My understanding is that this is allowed when a declarer has "technical" problems. So in a sense, the question is about what constitutes a legitimate technical problem.

If the declarer wins the first trick, he can pause, because there is the issue of what to lead next.

But suppose there is a singleton of the first led suit in the dummy, the play of which is forced. Suppose the declarer anticipates having a technical problem in the closed hand regarding whether to accept or refuse the first trick. Can he pause to study the whole hand before playing from dummy or does he need to play immediately from the dummy and wait until the trick arrives at his closed hand before pausing? That is to say, since he is playing both the dummy and hand, can he pause at the dummy based on a problem in hand?

Suppose dummy has a singleton, East plays the ace, declarer has Kx (or Qx), and wants to make a decision whether or not to false card with the honor. Is this an allowable technical problem for a pause either at dummy or in hand?

If the opponents retain the lead, must the declarer wait until he has a technical problem regarding an opposing lead to pause and study the hand?

And finally, can the two sides mutually agree that the declarer will not play from dummy for at least say, five seconds, so that BOTH sides will have a chance to study the board?

2 Answers 2


Always - it is a recommended action.

As Declarer I always pause for the 5 or so seconds you recommend when Dummy comes down; as East I will do so (by initially playing my card to the first trick face down) whenever Declarer has been so discourteous and undiscerning as to not do so. Occasionally I have to pause longer, for particularly complex hands, but I do so with the understanding that I have keyed this difficulty to the opponents, perhaps earlier than they otherwise would have.

Because of restrictions on Dummy during play of the hand, Declarer need not be concerned with the provision of Unauthorized Information to partner. However there is great benefit in not keying moderately difficult hands to the opponents. Develop the habit of always studying Dummy before playing to the first trick and your results will improve slightly.

It is always improper and potentially unethical for Dummy to play a card from Dummy before said card is specifically called by Declarer - even if that card is a singleton to be played to the opening lead. It is very possible for Dummy to provide Unauthorized Information to Declarer, and that is a reason for many of the restrictions on Dummy's actions during play of the hand.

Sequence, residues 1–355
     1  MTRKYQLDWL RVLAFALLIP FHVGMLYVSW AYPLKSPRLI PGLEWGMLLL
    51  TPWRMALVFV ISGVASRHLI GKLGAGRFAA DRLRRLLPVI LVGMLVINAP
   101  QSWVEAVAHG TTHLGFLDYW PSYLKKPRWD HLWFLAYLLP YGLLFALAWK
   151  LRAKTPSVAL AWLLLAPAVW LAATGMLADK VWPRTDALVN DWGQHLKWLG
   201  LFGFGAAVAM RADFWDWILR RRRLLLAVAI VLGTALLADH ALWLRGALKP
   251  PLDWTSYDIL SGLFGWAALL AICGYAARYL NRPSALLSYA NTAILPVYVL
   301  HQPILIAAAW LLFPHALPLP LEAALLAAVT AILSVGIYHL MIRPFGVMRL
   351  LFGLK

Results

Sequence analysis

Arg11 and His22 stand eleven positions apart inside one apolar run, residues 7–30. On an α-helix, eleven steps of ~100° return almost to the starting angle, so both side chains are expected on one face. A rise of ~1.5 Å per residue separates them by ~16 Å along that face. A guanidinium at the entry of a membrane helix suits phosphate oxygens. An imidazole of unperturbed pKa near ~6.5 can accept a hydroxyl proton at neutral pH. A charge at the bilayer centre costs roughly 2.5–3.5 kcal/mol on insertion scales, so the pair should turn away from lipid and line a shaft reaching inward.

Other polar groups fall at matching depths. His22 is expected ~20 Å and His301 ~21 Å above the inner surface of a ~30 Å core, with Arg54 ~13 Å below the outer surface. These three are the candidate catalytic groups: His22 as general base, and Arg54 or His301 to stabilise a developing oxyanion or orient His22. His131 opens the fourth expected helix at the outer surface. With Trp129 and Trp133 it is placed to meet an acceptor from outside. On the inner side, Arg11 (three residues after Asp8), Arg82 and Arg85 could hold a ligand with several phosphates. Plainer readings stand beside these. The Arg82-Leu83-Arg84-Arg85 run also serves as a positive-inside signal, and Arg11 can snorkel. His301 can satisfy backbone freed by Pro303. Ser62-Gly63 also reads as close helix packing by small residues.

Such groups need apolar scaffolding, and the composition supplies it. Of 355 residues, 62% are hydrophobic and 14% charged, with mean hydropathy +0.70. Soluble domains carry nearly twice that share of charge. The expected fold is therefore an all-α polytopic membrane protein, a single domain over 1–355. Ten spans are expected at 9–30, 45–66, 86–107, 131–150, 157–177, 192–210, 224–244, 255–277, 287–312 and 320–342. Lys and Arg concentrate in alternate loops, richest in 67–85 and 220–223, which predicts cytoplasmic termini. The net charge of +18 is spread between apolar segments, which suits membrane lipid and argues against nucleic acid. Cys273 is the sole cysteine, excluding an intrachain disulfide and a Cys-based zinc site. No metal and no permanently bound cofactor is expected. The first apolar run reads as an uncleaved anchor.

from Laws of Duplicate Bridge - 2008


D. Dummy's Hand

... Declarer plays both his hand and that of dummy.


Except as Law 42 allows:

A. Limitation on Dummy

  1. (c) Dummy must not participate in the play, nor may he communicate anything about the play to declarer.

B. If a Violation Occurs

  1. Dummy is liable to penalty under Law 90 for any violation of the limitations listed in A1 and A2 above.

The above is very clear. If my partner ever suggests the play of a singleton from Dummy (which as noted above is all that Dummy can do, as only Declarer is able to make a play from Dummy by specifying the card.) I will call the Director myself to further reinforce the inappropriateness of the action.

  • OK, so the rules are slightly different for declarer, since he plays both his hand and dummy. That is, dummy is not allowed to "play," and therefore the declarer's pause doesn't give him unauthorized information. If any is generated, the only beneficiaries are the opponents.
    – Tom Au
    Dec 28, 2015 at 14:27
  • 1
    @TomAu - there is a second reason rules are different here. Players are not permitted to vary their tempo for the purpose of deceiving opponents about their hand, but since everyone sees dummy, there is much less to deceive opponents about. Dec 29, 2015 at 19:42

Declarer should always pause - for 15 seconds or so, not just 5 - upon seeing the dummy - to give defenders time to analyze the hand without giving away information. The amount of time is even greater at higher levels of play as defenders have more ability to analyze. It can be lower at more casual play where the defenders are not good enough (or too lazy) to use that time productively.

Sometimes declarer forgets or is impatient, but in such instances they should be prepared to waive penalties (by not calling the director) for all but the most blatant cases of improper tempo by defenders.

If declarer has opened 1N, I make a practice as defender of figuring out at trick 1 how many points partner can have and what their distribution can be. I see 2 hands and declarer has promised some 3 point range with a balanced distribution, so I can infer quite a bit. (I often ask dummy at this time how often they upgrade their point count and whether they normally open 1N with a 5 card major or with 2 doubletons.) It takes 10 seconds to do all the calculations and check them once in my head, and another 5 seconds to take in the inferences from the play at trick 1.

I really should do this always, but I'm generally lazier when the auction has been less obviously informative.


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